If you want to burn to CD-R as an audio CD, then decode to .WAV first (I suggest the MAD decoder) and look for a good free or shareware .WAV editor -- or pay for a professional one. There's a lot more that can be done once the MP3 is in .WAV format, especially with the pro packages. If this material really is rare & hard to find, then it would be worth it to invest in a quality .wav editor program & learn how to use it.

Edit -- you might consider Cool Edit 2000, available here:

http://www.syntrillium.com/


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Dibrom
post Mar 4 2002, 06:22
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QUOTE
Originally posted by Garf
The problem [b]is exactly this: how to 'smooth over' ringing, flanging, etc...


I agree 100%...

QUOTE
Originally posted by fewtch
There is one thing that could be done -- the file could be decoded to .WAV, then there's probably a lot more flexibility in what could be done with powerful editors like Sound Forge with various plugins. However, at that point it might be a good idea to use a lossless compressor like FLAC if compression is still desired, since transcoding back to MP3 would be a bad idea. 

Edit -- maybe someone will eventually write a utility or WinAMP plugin that 'smooths over' known MP3 artifacts like ringing, flanging, etc... it would certainly come in handy for some of the worst stuff... for anyone who's ever had to suffer thru listening to a Blade-encoded MP3 at 160k or below...


Of course you can always use some sort of .wav editing program to alter the sound of the file, but you aren't going to be able to work at a low enough level, and precisely enough to "smooth out" or "extract" mp3 artifacts. Even if you had the tools to do something like this, how would you define "smoothing out" the artifacts? Especially in regards to sound, this could mean almost anything from lowpassing, to fading something out, to applying some sort of odd effects filter, etc.. all destructive processes which are likely to be nearly just as annoying if not more.

QUOTE
Originally posted by maciey
for graphics it's quite easy to filter out e.g. JPEG artifacts - thus getting a blurry yet printable pic - so I hoped there are some ways to do similiar to sound - not even to transcode to MP3 back again - just to burn to CD®-Audio


I had a feeling this might have been what you were talking about. Unfortunately, aural media is a completely different beast than visual media, especially in regards to how we interpret what defines an acceptable tradeoff in quality (to compare to a visual example it'd be blurriness vs blocking artifacts). Because of this and due to the nature of errors different audio encoders may produce, it would be a monumental (if not impossible) task to do what it is that you are talking about, effectively.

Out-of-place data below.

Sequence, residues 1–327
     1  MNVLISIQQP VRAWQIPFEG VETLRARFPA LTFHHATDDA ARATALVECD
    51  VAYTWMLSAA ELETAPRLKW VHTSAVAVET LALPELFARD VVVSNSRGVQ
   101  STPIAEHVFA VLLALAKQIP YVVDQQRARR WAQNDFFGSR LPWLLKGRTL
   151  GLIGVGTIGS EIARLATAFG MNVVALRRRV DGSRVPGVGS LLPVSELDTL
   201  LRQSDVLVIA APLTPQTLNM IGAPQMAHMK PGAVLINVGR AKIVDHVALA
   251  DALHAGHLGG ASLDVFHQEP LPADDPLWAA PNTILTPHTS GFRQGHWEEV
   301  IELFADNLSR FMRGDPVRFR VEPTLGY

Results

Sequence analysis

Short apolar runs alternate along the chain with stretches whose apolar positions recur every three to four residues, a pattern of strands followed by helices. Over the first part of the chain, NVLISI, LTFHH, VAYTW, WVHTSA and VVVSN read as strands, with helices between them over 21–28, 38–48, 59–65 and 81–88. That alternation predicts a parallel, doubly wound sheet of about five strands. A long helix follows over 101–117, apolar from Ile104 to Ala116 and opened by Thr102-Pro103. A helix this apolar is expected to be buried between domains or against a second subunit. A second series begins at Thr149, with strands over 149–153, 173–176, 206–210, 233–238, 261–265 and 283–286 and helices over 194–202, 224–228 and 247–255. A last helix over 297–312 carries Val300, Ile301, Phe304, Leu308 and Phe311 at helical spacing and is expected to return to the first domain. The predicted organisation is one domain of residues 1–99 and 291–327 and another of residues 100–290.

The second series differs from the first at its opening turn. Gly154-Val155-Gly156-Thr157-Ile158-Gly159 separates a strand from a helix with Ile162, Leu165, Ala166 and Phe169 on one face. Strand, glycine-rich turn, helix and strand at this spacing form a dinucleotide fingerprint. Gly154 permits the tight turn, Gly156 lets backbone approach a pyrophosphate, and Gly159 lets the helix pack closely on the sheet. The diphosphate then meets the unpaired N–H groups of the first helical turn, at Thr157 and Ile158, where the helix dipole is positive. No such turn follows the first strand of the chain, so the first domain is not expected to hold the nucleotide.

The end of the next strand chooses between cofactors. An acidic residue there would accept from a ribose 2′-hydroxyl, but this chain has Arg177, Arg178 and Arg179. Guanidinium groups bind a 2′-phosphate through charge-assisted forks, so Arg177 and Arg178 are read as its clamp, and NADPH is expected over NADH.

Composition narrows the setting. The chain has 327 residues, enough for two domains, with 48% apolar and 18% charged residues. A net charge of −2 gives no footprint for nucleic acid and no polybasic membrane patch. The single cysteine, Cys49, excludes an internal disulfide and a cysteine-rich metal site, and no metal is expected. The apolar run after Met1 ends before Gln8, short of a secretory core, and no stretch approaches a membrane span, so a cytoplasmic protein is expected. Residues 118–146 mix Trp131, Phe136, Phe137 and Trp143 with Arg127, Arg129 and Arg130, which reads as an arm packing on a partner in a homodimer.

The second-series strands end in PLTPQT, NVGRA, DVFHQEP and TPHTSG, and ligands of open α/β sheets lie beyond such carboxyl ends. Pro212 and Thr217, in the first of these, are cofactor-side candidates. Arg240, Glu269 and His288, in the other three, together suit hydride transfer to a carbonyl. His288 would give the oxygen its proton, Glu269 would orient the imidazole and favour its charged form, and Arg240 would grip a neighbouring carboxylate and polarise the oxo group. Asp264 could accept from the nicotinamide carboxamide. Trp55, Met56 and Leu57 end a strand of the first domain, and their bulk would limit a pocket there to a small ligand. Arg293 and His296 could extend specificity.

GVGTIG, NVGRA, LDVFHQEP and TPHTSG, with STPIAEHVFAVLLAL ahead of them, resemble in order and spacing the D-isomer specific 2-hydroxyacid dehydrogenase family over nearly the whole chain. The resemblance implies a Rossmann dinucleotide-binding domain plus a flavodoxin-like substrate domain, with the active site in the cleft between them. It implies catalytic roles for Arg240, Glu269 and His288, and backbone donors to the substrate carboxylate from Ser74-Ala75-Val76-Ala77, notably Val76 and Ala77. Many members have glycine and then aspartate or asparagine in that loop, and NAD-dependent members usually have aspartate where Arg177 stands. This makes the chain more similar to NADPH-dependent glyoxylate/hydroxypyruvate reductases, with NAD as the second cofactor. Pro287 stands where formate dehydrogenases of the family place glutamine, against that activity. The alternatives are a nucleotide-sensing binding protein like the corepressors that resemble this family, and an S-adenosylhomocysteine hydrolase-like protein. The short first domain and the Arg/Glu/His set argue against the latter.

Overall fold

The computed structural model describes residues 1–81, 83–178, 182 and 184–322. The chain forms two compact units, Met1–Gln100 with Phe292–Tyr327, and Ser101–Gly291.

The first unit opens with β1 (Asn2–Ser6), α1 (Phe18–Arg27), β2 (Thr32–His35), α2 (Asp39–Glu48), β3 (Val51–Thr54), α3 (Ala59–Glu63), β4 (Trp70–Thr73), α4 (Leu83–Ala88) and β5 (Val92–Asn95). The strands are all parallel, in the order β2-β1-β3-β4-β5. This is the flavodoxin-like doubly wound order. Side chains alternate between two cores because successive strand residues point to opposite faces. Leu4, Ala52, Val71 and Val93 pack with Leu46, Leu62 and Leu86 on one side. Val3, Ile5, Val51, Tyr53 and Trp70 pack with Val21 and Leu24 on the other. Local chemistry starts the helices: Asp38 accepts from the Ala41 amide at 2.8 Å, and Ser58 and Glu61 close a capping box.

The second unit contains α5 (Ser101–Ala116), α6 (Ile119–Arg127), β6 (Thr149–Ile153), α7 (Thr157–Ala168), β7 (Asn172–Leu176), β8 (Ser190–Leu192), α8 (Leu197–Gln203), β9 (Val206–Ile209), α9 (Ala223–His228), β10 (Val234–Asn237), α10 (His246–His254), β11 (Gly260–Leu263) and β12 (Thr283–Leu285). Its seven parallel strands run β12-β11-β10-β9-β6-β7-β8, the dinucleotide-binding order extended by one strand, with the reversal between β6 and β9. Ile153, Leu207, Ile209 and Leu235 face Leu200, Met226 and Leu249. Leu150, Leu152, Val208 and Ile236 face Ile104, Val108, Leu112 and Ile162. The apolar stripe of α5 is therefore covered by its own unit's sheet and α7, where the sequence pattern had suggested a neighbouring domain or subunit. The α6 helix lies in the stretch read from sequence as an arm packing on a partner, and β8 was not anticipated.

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2Bdecided
post Mar 4 2002, 16:50
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If you have rining above a certain frequency, you could low pass at that frequency, and then use spectral band replication to approximate what has been lost. If you have audible pre-echo, you could manually change the envelope to remove some of it.

But as Dibrom as said, the result would probably sound better, not worse.

You could just play it back over the same kind of $5 PC speakers that the person who encoded it obviously used!


David.

P.S. - never say something is impossible. I'm sure in (say) 20 years it will be trivial to restore badly encoded audio material to something like respectable quality. Just because the technology doesn't exist now doesn't mean that it will never be invented! The de-clicking of old records was a primative art 20 years ago - now clicks and crackle can be removed without much effort at all.
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fewtch
post Mar 5 2002, 00:54
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If you had ringing *at* a certain frequency (say 13 KHz), you could remove all 13 KHz frequency components (or just decrease using equalization) on the .WAV file... that wouldn't sound nearly as bad as lowpassing, especially if you did a bit of boosting other frequencies to compensate.

Another example I can think of is, in Sound Forge there's a "smooth/sharpen" type function that might remove some artifacts (using the 'smooth' function).

As for whether the changes would be more annoying than the original artifacts... that would depend on the listener, i think. Some people who rip vinyl strongly believe in *leaving in* any clicks & pops! And some believe in removing these using click/crackle filters. It just depends.


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wolfman
post Mar 5 2002, 07:55
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I found a good way to smoothout the sound.

1.Load your files into nero burning rom.
2.Choose hiss reduction from the filters menu and set them to:
hiss level : -75db (little distortion) -80db (very high distortion)
hiss reduction : 6db
3.Burn the cd.
4.Copy the cd with eac
5.Enhance the sound with DEE http://www.domieszki.com.pl/dee120setup.exe



I've done that with the bootlegs of Vangelis' Blade Runner and this gave very good results.
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maciey
post Mar 5 2002, 19:05
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thanx - I will give it a try as soon as I heve enough time to work with it. btw - do You think that Cool Edit's noise/hiss reduction may work here well too?